Written by guest blogger Denise Deby, who writes on local and global social and environmental issues.
In Ottawa we usually don’t make a big deal of internationally-designated days, but this year’s UN World Habitat Day on October 3 seemed significant. The theme: Cities and Climate Change.
According to UN-HABITAT, the world’s cities are responsible for up to 70 per cent of harmful greenhouse gases. Transportation using fossil fuels and industrial activity are particularly significant sources of urban greenhouse gas emissions.
So cities are big contributors to climate change – but people in cities are also affected by the consequences of climate change, like flooding. And cities are, arguably, a big part of the solution.
The City of Ottawa has said municipalities can play a key role in reducing greenhouse gas emissions. In Ottawa, transportation and buildings’ energy use each account for 40 percent of greenhouse gases, with the remaining 20 percent from the waste sector. The City has had a climate change management plan to address these. But there’s a long road ahead of us.
One of the problems is that climate change here isn’t that obvious, so it’s easy not to think much about it. But the City says our hottest days are getting hotter and more frequent, and declining air quality is a big concern. In 2005 the City recorded 290 deaths and 750 hospital admissions attributable to air pollution, and projected increases in these numbers over the next 25 years. Climate change is affecting our health, changing our environment and costing us in many ways.
Individual action helps – people riding bikes instead of driving, choosing locally-grown food when possible, and turning down thermostats. We need more from all levels of government, though. And we need to be talking about it a lot more.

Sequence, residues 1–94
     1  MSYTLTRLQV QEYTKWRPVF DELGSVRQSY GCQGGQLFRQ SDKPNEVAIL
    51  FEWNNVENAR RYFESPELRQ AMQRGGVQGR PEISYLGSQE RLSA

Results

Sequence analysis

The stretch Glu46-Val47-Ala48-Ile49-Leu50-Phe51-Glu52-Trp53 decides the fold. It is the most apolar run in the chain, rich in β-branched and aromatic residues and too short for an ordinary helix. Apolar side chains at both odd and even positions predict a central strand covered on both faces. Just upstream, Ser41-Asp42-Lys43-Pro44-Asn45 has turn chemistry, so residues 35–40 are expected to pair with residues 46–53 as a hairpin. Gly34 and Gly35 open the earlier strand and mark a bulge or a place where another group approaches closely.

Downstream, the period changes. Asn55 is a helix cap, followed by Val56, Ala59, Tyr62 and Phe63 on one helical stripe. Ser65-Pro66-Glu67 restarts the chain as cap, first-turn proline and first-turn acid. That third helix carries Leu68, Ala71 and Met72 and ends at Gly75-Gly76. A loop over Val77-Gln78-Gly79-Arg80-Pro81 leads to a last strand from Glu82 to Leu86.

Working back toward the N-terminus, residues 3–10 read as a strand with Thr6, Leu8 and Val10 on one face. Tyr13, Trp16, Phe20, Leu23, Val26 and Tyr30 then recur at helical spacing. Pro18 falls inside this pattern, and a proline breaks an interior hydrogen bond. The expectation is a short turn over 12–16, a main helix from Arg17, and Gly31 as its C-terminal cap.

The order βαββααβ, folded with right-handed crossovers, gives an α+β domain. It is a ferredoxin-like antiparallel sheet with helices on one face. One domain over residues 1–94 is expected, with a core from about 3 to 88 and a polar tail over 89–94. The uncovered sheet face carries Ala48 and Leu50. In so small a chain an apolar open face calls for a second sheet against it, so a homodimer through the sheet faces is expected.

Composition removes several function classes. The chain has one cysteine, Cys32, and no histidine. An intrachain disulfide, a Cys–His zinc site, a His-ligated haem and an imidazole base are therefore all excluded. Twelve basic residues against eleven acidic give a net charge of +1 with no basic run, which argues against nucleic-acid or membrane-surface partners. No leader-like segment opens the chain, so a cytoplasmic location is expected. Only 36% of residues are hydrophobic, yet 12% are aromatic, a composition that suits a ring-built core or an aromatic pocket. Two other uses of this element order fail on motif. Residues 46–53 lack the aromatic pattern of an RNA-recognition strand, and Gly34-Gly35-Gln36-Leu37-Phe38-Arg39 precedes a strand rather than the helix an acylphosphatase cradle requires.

I think this is happening. Just last week, for example, we had the Ottawa Action to Protest the Tar Sands, a Museum of Nature screening of the film Carbon Nation, and – if you happened to attend the Kickass Talks for CARE on October 2 – Ottawa’s Richard Weber sharing evidence of climate change from the Arctic.
There’s another event coming up this week. It’s part of the System Change Not Climate Change initiative launched by the Council of Canadians’ Climate Justice for People and the Planet campaign to build awareness and inspire people to find alternatives to climate change. Members of Transition Ottawa are hosting a presentation and discussion about what system change means and how environmental and social justice are linked. The event is on Thursday, October 6 from 7:30-9:15 p.m. at 2 Monk St. (one block from 5th Avenue and Bank St.) in the Glebe; RSVP at http://transitionottawa.ning.com.
It seems daunting, even impossible, to do anything about climate change. But groups and movements like Transition Towns, System Change Not Climate Change, and Worldchanging and its successor are coming up with solutions that are feasible yet retain what’s best about our cities. Check them out when you have the chance.